[DO NOT PUBLISH]
IN THE UNITED STATES COURT OF APPEALS
FOR THE ELEVENTH CIRCUIT COURT OF APPEALS
JUNE 17, 2011
No. 10-13617 JOHN LEY
Non-Argument Calendar CLERK
D.C. Docket No. 1:09-cv-21349-PAS
llllllllllllllllllllllllllllllllllllllll Plaintiff - Appellant,
4800 WEST FLAGLER L.L.C.,
llllllllllllllllllllllllllllllllllllllll Defendant - Appellee.
Appeal from the United States District Court for the Southern District of Florida
(June 17, 2011)
Before BARKETT, MARCUS and WILSON, Circuit Judges.
Emilio Pinero, a left-leg amputee, brought an action under Title III of the
Americans with Disabilities Act ("ADA"), 42 U.S.C. §§ 12181""12189, against
4800 West Flagler L.L.C. ("Defendant"). Pinero alleged that he was denied access
to Defendant's premises because of barriers that existed at the facility, which was
built before the enactment of the ADA. The district court conducted a bench trial
in July 2010. At the close of Pinero's case, Defendant moved for judgment as a
matter of law,1 and the court granted that motion. Pinero raises a number of issues
Though Defendant's motion was styled a "Motion for Judgment as a Matter of Law,"
and the judgment is alternatively characterized on appeal as a "directed verdict" and a "judgment
as a matter of law," we will treat it as a judgment on partial findings pursuant to Federal Rule of
Civil Procedure 52(c).
Rule 52(c) provides:
Judgment on Partial Findings. If a party has been fully heard on an
issue during a nonjury trial and the court finds against the party on
that issue, the court may enter judgment against the party on a claim
or defense that, under the controlling law, can be maintained or
defeated only with a favorable finding on that issue. The court may,
however, decline to render any judgment until the close of the
evidence. A judgment on partial findings must be supported by
findings of fact and conclusions of law as required by Rule 52(a).
Rule 52(a)(1) explains that "[t]he findings and conclusions may be stated on the record after the
close of the evidence or may appear in an opinion or a memorandum of decision filed by the
There are a number of differences between the two rules and their corresponding motions.
Rule 52 explicitly applies to bench trials, whereas Federal Rule of Civil Procedure 50 explicitly
applies to jury trials. We review Rule 50(a) motions de novo, see Abel v. Dubberly, 210 F.3d 1334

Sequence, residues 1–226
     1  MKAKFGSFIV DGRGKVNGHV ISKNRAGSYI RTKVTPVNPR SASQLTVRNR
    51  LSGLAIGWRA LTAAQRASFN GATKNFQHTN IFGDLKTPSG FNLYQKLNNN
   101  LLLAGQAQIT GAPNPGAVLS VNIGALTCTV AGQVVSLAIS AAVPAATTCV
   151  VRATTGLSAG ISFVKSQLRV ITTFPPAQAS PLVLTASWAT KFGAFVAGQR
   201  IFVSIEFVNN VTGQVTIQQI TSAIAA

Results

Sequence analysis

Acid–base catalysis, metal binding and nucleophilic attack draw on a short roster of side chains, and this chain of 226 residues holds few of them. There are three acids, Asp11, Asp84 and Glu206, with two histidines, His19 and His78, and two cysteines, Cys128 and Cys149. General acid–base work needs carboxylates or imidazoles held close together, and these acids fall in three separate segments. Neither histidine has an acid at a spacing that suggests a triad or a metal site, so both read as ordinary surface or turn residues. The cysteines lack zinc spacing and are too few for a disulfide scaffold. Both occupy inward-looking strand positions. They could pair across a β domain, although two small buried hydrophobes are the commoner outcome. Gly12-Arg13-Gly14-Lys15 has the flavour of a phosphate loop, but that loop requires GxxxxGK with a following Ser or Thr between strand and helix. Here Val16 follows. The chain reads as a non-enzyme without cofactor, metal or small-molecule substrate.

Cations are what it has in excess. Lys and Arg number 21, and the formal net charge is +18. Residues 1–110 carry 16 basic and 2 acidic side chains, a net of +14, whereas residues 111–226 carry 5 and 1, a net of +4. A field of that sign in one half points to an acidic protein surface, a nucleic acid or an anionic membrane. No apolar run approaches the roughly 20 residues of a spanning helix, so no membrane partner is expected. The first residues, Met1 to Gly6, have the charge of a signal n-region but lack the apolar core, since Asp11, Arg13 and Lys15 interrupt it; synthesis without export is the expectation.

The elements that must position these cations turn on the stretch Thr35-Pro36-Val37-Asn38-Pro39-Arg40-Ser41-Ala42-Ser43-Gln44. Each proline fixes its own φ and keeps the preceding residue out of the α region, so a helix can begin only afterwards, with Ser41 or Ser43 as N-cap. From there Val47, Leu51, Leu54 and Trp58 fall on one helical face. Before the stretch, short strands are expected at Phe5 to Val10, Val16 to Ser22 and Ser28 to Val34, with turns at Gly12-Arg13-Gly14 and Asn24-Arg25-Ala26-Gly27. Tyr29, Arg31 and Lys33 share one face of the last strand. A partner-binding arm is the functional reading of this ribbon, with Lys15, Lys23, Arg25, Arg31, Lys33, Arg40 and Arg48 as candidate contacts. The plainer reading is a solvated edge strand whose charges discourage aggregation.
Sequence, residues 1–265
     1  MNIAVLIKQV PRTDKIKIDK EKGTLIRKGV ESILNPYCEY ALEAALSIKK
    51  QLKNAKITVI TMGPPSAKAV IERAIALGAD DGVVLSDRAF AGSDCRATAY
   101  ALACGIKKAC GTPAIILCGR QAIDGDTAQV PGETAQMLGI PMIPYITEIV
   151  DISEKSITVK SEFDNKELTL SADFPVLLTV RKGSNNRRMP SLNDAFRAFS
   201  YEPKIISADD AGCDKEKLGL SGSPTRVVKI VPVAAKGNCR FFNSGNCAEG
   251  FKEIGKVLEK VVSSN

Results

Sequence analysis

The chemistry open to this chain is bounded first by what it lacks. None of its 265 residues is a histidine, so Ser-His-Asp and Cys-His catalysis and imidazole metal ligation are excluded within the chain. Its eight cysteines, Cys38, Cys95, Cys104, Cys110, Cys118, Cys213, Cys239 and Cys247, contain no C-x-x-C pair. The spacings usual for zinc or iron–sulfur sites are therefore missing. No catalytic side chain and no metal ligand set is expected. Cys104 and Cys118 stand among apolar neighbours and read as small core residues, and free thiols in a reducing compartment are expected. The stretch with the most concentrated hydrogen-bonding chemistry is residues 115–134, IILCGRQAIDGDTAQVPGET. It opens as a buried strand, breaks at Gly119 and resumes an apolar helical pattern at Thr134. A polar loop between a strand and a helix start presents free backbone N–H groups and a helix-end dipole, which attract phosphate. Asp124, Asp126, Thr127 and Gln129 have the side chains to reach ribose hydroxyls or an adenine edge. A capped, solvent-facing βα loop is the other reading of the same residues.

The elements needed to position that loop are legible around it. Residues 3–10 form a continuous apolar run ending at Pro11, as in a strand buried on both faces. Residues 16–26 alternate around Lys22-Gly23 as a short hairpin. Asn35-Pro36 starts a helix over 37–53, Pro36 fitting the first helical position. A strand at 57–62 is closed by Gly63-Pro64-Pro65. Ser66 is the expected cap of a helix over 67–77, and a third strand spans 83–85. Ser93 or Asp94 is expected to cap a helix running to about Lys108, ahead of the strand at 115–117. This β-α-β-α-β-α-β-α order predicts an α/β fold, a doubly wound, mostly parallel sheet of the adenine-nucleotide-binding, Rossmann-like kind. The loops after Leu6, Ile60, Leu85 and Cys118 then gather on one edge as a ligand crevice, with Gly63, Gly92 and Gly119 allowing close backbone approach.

, 1337 (11th Cir. 2000) (per curiam), but Rule 52(c) motions present mixed questions of law
and fact, so we review factual findings for clear error and conclusions of law de novo. See Veale
v. Citibank, F.S.B., 85 F.3d 577
, 579 (11th Cir. 1996). Finally, "[i]n addressing a Rule 52(c)
motion, the court does not view the evidence in the light most favorable to the nonmoving party,
as it would in . . . a Rule 50(a) motion for judgment as a matter of law; instead, it exercises its
role as factfinder." United States v. $242,484.00, 389 F.3d 1149
, 1172 (11th Cir. 2004) (en
The Rule 50(a) rubric requires the court to draw all inferences in the nonmoving party's
favor, but Rule 52(c) has no such requirement. See id. Therefore, to the extent that the district
court treated Defendant's motion as requesting a Rule 50(a) judgment as a matter of law, the
mistake benefitted Pinero.
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on appeal,2 which we address in turn.
I. Motion to Amend
First, Pinero argues the district court erred in denying his motion to amend
his complaint to add an additional defendant. We review the denial of a motion to
amend for abuse of discretion. Corsello v. Lincare, Inc., 428 F.3d 1008
(11th Cir. 2005) (per curiam).
The district court did not abuse its discretion in denying Pinero's motion to
amend. The court's scheduling order imposed a deadline for amending pleadings,
chosen by the parties, of September 28, 2009. Pinero sought to add Raimundo
Gonzalez, the sole member of the Defendant L.L.C., on March 4, 2010""more
than five months after the deadline. When a motion to amend is filed after a
scheduling-order deadline, Federal Rule of Civil Procedure 16 controls. Sosa v.
Airprint Sys., Inc., 133 F.3d 1417
, 1418 n.2 (11th Cir. 1998) (per curiam). Under
Several of these issues relate to the substance of Title III of the ADA, which explains
that, for facilities that existed before the statute's enactment, "discrimination includes a private
entity's "˜failure to remove architectural barriers . . . where such removal is readily achievable.'"
Gathright-Dietrich v. Atlanta Landmarks, Inc., 452 F.3d 1269
, 1273 (11th Cir. 2006) (quoting 42
U.S.C. § 12182(b)(2)(A)(iv)) (alteration in original). Accordingly, to meet the initial burden of
production in a Title III action, a plaintiff must show (1) that an architectural barrier exists, and
(2) that the proposed method of architectural barrier removal is "readily achievable," which
means "easily accomplishable and able to be carried out without much difficulty or expense." Id.
(quoting 42 U.S.C. § 12181(9)); see generally 42 U.S.C. § 12181(9) (listing factors to be